The debut feature from Stephen Brown, The Sea (2013) is a compassionate rendering of John Banville’s Man Booker Prize-winning novel. After losing his wife Anna (Sinéad Cusack) to cancer, Max Morden (Ciarán Hinds) returns to the Irish seaside town where he spent summers as a child. He stays at a boarding house owned by Miss Vavasour (Charlotte Rampling) and shares mealtimes with permanent resident Colonel Blunden (Karl Johnson). He’s utterly overwhelmed by grief and shows no signs of healing. “Fleeing one sadness by revisiting the scene of an old one doesn’t work,” he tells his landlady. Max is an art historian and is supposed to be writing about French artist Pierre Bonnard.
Instead, Max drinks heavily, gets thrown out of bars, baits Blunden and walks at night along the beach while all the time reliving his last few months with Anna. Through flashbacks we learn of the childhood friendship he had with the Grace family. Led by their raffish and flamboyant father, Carlo (Rufus Sewell), they were everything his plain, hard-working family was not. The Graces rent an expense holiday home, while Max’s family live in a two room ‘chalet’ with no proper toilet facilities. Max is bowled over by the Grace’s exuberance, their familial feuds and boisterous charm. He is proud to be taken into Carlo’s confidence, is secretly in love with Connie (Natascha McElhone), while shyly courting their daughter Chloe (Missy Keating). He’s also insistently curious about their young minder Rose (Bonnie Wright).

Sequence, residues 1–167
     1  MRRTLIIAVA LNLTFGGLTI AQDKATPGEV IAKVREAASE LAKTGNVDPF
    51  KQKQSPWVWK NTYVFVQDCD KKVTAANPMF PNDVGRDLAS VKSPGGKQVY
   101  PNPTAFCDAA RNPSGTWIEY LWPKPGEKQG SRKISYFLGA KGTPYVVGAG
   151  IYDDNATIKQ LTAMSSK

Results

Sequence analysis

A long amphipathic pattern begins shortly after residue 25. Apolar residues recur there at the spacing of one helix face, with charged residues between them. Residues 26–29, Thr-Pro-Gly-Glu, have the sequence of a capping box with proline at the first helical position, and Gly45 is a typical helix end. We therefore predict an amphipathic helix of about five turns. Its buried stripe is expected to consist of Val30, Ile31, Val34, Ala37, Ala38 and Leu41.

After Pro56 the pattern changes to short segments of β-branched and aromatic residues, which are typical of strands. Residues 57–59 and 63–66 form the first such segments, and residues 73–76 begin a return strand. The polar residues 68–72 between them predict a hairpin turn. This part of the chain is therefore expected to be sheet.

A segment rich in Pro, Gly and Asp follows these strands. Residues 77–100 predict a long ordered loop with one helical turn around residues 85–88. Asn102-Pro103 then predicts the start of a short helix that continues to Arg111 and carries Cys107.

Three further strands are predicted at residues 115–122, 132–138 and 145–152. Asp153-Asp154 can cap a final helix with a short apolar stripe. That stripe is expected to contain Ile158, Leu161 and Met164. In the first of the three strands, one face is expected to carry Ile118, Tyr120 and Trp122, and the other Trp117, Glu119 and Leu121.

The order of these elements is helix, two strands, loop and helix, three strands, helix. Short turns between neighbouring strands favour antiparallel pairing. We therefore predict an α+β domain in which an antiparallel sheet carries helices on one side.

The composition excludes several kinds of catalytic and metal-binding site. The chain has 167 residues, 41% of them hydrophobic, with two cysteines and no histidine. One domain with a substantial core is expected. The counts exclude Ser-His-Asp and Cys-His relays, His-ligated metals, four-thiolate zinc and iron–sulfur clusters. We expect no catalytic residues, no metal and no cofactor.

Banville’s screen adaptation perfectly distils the essence of his novel’s main themes. It is no mean feat to capture the interior musings of one man on celluloid. The Sea is as much about the nature of memory as it is about loss and Brown has produced a quietly affecting film that is not afraid of using silence to great effect. In Banville’s script, often what is left unsaid is as important as what is spoken. Brown is well served by a stellar cast – Hinds delivers a terrific performance as a man who falls apart and gradually puts himself together again. John Conroy’s superb cinematography, set against the dark roiling sea is also particularly memorable. The scenes from Max’s childhood are shot through with a sun imbued glow whereas the present is muted reflecting Max’s perspective – he seeks solace in the past when faced with an uncertain future. The Sea is a poignant meditation on love, grief and loss, a slow burning drama and a fine debut.